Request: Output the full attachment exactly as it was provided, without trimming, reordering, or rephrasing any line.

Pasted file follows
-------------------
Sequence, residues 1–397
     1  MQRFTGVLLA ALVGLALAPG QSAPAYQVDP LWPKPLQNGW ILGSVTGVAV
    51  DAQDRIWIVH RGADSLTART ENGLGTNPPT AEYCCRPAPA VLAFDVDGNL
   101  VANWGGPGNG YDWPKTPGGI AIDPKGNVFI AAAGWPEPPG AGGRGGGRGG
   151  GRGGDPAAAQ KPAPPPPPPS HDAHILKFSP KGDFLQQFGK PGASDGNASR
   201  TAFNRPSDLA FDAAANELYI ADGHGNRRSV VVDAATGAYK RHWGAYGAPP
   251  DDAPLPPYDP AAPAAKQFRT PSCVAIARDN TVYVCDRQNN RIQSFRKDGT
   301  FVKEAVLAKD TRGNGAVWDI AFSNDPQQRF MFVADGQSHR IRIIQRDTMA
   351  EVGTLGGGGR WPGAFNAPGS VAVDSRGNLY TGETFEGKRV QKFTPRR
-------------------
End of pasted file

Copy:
Sequence, residues 1–397
     1  MQRFTGVLLA ALVGLALAPG QSAPAYQVDP LWPKPLQNGW ILGSVTGVAV
    51  DAQDRIWIVH RGADSLTART ENGLGTNPPT AEYCCRPAPA VLAFDVDGNL
   101  VANWGGPGNG YDWPKTPGGI AIDPKGNVFI AAAGWPEPPG AGGRGGGRGG
   151  GRGGDPAAAQ KPAPPPPPPS HDAHILKFSP KGDFLQQFGK PGASDGNASR
   201  TAFNRPSDLA FDAAANELYI ADGHGNRRSV VVDAATGAYK RHWGAYGAPP
   251  DDAPLPPYDP AAPAAKQFRT PSCVAIARDN TVYVCDRQNN RIQSFRKDGT
   301  FVKEAVLAKD TRGNGAVWDI AFSNDPQQRF MFVADGQSHR IRIIQRDTMA
   351  EVGTLGGGGR WPGAFNAPGS VAVDSRGNLY TGETFEGKRV QKFTPRR